‘Equal opportunity and equal rights’ 

I would like
to respond to the letters in the Dec. 29, 2010, Gazette from Kevin Connolly (“The rest of
the story”), Jay Wright (“Some more, some less”) and Thomas Furlong
(“Government shouldn’t create equality”), especially regarding their statements
about employment and equality.

I
would like to challenge Mr. Connolly to consider the difficulties of a
50-something with a family, and a long work history in a particular field, who
has recently been laid off from a good job. Or, how about a black guy, just
returned from multiple deployments in Iraq and Afghanistan, who enlisted right
out of high school to try to get ahead, with a job history limited to
burger-flipping in high school, and for the last 10 years whatever the Army
told him to do.

In
today’s economy, there are a lot of obstacles to finding a new job, even for
someone who’s willing and able to relocate, who has a good education, a good
resume and a good work record. There are simply a lot more people looking for
work than there are employment opportunities.

No
government can legislate equality, and even our government is not stupid or
silly enough to attempt to do so. What the government must do, however, is
legislate and enforce equal opportunity and equal rights. A large majority of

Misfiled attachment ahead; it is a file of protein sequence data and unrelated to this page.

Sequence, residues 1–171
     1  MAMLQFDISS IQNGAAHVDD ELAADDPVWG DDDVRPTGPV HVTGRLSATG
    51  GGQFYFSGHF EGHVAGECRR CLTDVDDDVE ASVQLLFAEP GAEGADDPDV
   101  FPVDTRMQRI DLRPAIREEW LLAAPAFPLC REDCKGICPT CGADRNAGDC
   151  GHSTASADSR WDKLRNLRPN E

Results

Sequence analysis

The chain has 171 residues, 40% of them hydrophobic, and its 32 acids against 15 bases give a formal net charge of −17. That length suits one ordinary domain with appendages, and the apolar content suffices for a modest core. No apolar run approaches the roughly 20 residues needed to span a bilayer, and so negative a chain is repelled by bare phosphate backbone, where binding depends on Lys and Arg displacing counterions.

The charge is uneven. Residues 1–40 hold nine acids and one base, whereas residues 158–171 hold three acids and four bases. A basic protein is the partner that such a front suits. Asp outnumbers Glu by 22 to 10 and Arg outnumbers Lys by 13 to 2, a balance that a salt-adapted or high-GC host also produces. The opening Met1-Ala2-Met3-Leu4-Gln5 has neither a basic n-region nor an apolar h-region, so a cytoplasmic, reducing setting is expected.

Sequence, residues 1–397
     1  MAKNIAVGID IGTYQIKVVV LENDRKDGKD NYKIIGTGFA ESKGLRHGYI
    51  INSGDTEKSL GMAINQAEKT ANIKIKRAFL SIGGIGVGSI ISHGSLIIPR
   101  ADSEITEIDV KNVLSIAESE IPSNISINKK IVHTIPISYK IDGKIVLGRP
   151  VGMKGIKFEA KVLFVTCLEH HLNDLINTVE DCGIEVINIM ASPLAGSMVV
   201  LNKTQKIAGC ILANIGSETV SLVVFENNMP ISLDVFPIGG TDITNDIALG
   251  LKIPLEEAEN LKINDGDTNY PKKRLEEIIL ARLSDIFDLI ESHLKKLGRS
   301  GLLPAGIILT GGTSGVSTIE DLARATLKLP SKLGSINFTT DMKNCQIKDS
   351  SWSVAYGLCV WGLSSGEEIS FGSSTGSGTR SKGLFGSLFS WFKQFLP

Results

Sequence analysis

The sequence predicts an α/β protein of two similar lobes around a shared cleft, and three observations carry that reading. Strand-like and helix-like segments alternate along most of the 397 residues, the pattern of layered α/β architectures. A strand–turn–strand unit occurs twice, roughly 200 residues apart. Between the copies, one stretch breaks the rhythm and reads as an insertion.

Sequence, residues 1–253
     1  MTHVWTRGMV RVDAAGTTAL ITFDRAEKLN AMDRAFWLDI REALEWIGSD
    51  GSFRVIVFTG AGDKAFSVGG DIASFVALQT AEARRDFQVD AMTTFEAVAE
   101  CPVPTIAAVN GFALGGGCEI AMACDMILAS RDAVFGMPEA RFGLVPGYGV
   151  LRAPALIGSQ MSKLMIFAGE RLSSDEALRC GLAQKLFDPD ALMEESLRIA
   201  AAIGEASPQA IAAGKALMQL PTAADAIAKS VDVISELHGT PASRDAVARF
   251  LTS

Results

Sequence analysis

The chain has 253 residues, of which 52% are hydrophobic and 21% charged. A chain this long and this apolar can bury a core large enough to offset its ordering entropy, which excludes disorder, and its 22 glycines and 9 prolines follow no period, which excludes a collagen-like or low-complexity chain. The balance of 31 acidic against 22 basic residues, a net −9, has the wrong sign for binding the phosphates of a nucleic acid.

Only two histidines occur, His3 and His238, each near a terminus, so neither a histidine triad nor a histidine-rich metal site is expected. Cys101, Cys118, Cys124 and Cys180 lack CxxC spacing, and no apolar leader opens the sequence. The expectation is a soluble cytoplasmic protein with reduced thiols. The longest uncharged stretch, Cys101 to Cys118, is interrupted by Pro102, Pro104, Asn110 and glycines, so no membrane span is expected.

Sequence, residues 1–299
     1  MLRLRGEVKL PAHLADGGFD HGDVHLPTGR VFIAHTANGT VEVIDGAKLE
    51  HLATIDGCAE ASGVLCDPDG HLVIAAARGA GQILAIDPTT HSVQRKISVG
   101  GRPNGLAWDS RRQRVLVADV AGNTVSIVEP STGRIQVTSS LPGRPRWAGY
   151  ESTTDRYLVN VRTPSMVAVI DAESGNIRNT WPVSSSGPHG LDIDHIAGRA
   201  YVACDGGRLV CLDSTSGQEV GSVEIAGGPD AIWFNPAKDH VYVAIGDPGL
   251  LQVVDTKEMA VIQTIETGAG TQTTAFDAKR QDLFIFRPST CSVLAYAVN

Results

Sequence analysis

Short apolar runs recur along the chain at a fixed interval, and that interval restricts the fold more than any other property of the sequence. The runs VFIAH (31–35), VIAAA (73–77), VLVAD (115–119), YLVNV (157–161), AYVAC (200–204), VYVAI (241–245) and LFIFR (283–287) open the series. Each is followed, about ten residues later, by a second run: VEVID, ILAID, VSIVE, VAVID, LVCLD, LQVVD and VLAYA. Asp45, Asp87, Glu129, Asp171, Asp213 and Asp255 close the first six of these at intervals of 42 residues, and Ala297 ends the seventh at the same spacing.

the business community has proven time and again that these issues cannot
safely be left to the private sector, but must be legislated. Mr. Wright says
it’s perfectly OK to live green and all, but thinks that he should not be
judged for driving a big, inefficient SUV because he can afford it and likes
it. He has a problem with the government legislating on issues that he believes
should be personal choice.

Well,
perhaps if we could be trusted to make choices which don’t destroy the
environment, contribute to overall health problems (such as childhood obesity
and diabetes) that will eventually cost more from the taxpayers, and so forth,
then the governments wouldn’t need to legislate our decisions for us. However,
as with equal opportunity, we have shown repeatedly that “we the people” too
often don’t know our butts from a hole in the ground, even after it’s been
explained to us, and will pretty consistently act against our own best
interests because it’s easier in the short term, or more profitable for the
business owners.

—Roger
Barton
Warr Acres

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Roger Barton

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